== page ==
Living with Testicular Cancer

Testicular cancer is cancer of the testicles, the glands that produce sperm and testosterone in men. The most common testicular cancers are germ cell tumors, which start in the cells that make sperm and account for more than 90% of cases. Though it is the most commonly occurring cancer in men 15 to 34 years old, testicular cancer is fairly rare: only 8,600 new cases of testicular cancer are diagnosed in the United States each year. The disease is highly treatable with a five-year survival rate of approximately 95%.

In addition to mainly affecting young men, risk factors for developing testicular cancer include: having had an undescended testicle after birth; other abnormal testical development; a family history of testicular cancer; and being Caucasian. Symptoms include swelling, lumps, or fluid build-up in the in testicles. Occasionally, patients will feel pain or discomfort in the testicular or groin area. The stages of testicular cancer range from I to III, depending on tumor size and if it has spread. Testicular cancer treatments include surgery, chemotherapy, radiation, or a combination of these. Infertility may be a side-effect of testicular cancer treatment, and patients who wish to father children at a later date are encouraged to bank sperm before treatment.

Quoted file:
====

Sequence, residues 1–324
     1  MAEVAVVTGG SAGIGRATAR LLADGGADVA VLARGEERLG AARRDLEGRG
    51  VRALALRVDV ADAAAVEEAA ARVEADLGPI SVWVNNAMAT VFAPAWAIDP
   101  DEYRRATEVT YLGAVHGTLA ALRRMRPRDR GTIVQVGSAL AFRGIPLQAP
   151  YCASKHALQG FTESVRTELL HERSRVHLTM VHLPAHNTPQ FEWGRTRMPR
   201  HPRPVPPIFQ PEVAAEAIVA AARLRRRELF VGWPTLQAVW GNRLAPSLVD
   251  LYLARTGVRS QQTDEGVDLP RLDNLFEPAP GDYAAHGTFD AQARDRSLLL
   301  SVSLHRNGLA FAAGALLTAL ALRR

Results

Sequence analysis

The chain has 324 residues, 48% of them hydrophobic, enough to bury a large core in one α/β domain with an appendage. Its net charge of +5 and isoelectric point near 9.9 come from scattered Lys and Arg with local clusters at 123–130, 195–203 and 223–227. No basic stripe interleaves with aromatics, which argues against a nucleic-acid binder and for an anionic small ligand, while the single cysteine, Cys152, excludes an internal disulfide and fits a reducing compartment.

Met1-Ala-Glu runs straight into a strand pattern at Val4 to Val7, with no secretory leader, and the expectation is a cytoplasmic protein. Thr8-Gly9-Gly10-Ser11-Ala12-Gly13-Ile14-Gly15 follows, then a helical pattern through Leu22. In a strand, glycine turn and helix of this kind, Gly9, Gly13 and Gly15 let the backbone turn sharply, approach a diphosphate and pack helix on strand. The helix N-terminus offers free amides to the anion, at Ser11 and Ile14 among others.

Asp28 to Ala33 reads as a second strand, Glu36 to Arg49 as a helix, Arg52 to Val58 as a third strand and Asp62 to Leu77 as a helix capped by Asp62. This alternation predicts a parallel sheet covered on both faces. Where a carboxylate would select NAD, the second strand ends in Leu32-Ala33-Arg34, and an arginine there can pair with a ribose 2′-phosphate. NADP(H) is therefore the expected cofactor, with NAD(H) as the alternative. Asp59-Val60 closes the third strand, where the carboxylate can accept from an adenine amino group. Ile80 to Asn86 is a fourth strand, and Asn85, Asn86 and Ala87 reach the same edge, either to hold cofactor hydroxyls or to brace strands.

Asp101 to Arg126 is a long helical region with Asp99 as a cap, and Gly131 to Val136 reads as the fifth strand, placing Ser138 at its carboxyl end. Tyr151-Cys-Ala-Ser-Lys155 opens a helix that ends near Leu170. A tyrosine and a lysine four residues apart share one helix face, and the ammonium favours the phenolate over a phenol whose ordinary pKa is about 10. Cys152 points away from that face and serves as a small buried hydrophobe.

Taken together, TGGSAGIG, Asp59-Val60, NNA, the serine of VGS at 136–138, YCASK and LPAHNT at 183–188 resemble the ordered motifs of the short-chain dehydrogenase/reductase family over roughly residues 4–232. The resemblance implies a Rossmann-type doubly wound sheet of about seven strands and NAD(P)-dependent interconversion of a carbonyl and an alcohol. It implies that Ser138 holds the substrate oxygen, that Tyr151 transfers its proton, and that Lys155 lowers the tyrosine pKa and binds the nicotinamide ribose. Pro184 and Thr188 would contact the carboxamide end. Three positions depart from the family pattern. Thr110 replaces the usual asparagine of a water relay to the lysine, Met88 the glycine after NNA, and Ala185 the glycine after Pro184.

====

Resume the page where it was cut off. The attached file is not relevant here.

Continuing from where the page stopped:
For more information on testicular cancer, read the American Cancer Society's detailed guide.

If you have been affected by testicular cancer, please be sure to take some time to read others' experiences, share your own experiences, and ask or answer questions. Don't forget to view our Beginner's Guide to Cancer.

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